An integrated approach to the collision repair workforce is the most effective strategy for the future, says new CCIF Chairman.
Patrice Marcil got his start in the collision repair industry back in 1985, since then he’s worked in the family business as a technician, as well as taking on leadership and training roles within the industry. Currently serving as Director, Customer Experience, Axalta Coating Systems, Marcil has also been a long- standing member of CCIF as well as a an advocate of investment in quality collision repair training and education. Having also been nominated as the next CCIF Chairman (from 2018), Collision Management asked him about his background, some of the major industry changes he’s witnessed, as well his views on training and the future of collision repair.
Collision Management: Can you tell us a little about your background? For example, did you consider a career in the collision industry early on?
Patrice Marcil: I was born into the industry and never really questioned my career path. My father owned a body shop and raced cars on the weekend, I painted my first car at 12. I always knew my career would be in the collision repair industry one way or another.
CM: When you started working in the collision industry as a technician, what were some of the things you became aware of?
PM: What became obvious very rapidly is the pace at which technology evolves. Back when I started, full frame cars were being replaced by unibodies, Basecoats and clearcoats were becoming the norm and customers were becoming more aware, educated and demanding of the products they use.
CM: Teaching and education has been a significant part of your life. Was it something that you always aspired to?
PM: Education came to me one night in a phone call. The program director of the local school board called me and offered me a job as an instructor. He was a customer at the shop and enjoyed how I helped him with his car. This call changed my life considerably. At that moment I decided to go back to university to learn how to teach, which was never part of my initial plan.
CM: What led you to decide taking on a more management type role?
PM: I decided to start teaching because I was not impressed with the skill level of apprentices coming out of schools. I told myself to stop complaining and do something about it. This set me on the path toward more management type roles.
CM: You’ve been a strong advocate for improved training and education programs within the industry, can you tell us a little about some of the initiatives you’ve been involved in and why?
PM: During the 10 years I was a teacher, I always looked for opportunities to improve learning and development of the workforce. I got involved in auto body program improvement with local, regional and federal governments, as well as local and global skills competitions. When I started at Axalta in 2000, we really improved the content and delivery to meet our customers’ needs and expectations. We developed process based training programs with associated training paths and today we are at a point where we offer virtual in-shop training online. Technology and connectivity is changing the way body shops do business. Axalta is there with tools designed to boost shop productivity and performance and to meet the demands of today’s industry.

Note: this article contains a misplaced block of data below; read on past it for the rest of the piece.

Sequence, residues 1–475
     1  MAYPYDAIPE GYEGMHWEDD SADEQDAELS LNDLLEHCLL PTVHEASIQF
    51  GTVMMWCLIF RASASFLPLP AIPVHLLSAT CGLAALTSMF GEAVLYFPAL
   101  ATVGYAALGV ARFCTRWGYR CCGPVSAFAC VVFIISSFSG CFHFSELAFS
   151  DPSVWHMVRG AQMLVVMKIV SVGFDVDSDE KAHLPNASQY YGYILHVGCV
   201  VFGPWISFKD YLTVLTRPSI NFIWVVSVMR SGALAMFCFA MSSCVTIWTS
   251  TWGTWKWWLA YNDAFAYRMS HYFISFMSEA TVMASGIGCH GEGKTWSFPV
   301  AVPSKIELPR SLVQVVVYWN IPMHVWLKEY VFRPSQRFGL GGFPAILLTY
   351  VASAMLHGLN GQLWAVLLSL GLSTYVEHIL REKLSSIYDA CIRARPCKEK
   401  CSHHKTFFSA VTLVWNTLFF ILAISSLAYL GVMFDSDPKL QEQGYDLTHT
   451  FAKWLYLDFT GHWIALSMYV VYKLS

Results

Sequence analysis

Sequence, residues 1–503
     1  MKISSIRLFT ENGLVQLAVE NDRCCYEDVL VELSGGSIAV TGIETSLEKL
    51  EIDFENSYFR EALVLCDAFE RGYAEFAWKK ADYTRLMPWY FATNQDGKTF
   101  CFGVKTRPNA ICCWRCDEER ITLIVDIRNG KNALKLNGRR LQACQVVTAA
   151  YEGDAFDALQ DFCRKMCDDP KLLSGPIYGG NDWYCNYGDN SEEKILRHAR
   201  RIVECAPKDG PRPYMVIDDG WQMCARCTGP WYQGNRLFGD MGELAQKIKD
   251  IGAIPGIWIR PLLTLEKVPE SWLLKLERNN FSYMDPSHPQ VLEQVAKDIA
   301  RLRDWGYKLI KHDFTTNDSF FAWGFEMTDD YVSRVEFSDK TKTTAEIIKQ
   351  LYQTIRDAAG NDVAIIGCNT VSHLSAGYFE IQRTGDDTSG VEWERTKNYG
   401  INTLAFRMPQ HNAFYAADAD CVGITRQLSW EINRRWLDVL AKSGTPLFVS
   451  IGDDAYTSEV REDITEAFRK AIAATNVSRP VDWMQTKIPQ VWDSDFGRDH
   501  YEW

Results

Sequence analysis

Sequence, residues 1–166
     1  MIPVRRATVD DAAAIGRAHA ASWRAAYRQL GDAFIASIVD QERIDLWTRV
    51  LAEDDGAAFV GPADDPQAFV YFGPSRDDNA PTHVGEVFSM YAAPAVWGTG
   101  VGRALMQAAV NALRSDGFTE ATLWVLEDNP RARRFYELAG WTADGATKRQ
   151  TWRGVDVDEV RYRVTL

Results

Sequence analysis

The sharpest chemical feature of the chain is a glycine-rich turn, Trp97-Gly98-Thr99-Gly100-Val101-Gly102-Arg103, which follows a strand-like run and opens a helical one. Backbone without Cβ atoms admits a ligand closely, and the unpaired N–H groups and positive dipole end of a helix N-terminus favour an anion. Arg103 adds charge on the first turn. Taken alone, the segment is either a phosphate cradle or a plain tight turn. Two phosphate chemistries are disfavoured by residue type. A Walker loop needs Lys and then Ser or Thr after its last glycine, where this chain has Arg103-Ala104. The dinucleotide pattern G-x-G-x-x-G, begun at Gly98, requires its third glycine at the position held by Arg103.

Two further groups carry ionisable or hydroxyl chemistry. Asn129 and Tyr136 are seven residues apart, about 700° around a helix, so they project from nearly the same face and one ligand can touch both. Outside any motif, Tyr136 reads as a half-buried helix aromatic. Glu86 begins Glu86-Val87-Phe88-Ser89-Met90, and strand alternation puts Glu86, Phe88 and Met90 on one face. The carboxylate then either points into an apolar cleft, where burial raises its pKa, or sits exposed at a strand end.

CM: During your time at Axalta Coating Systems training and customer experience have been a major emphasis, can you tell us a little about that?
PM: Everything Axalta does is with the customer in mind, from training modules to new technology. Trained and proficient customers are happy customers, and happy customers are not only more likely to be loyal but also be advocates for your company. At Axalta, we understand that our success is built on that of our customers and so, we want to ensure they have the tools they need to get the most performance out of our products as possible.
CM: Having been named the next Chairman of CCIF, what are some of the key trends/factors you see for the industry related to both training and customer experience, particularly as technology continues to advance?
PM: There are three pillars the CCIF is focusing on—Profitability, Technology and People. Educated and trained collision repairers, insurers and everyone else in the industry will advance those three pillars for the benefit of the consumer. The ultimate goal is to perform quality and safe repairs.
CM: What steps do you think we can take to ensure the future of the industry when it comes to attracting and training the next generation of repair technicians and industry professionals?
PM: We need to facilitate the integration of the workforce by creating sustainable communication with schools and education authorities to let them know what industry’s needs are now and for the future. We also need to do our part to create an attractive industry that young people want to have a career in.
CM: Is there anything else you’d like to mention?
PM: Being nominated as the next CCIF Chairman is a great honour. I look forward to working with all partners within the collision industry. CCIF is a very unique forum where open dialogue has proven more effective and beneficial to the industry than confrontation. I intend to keep it that way.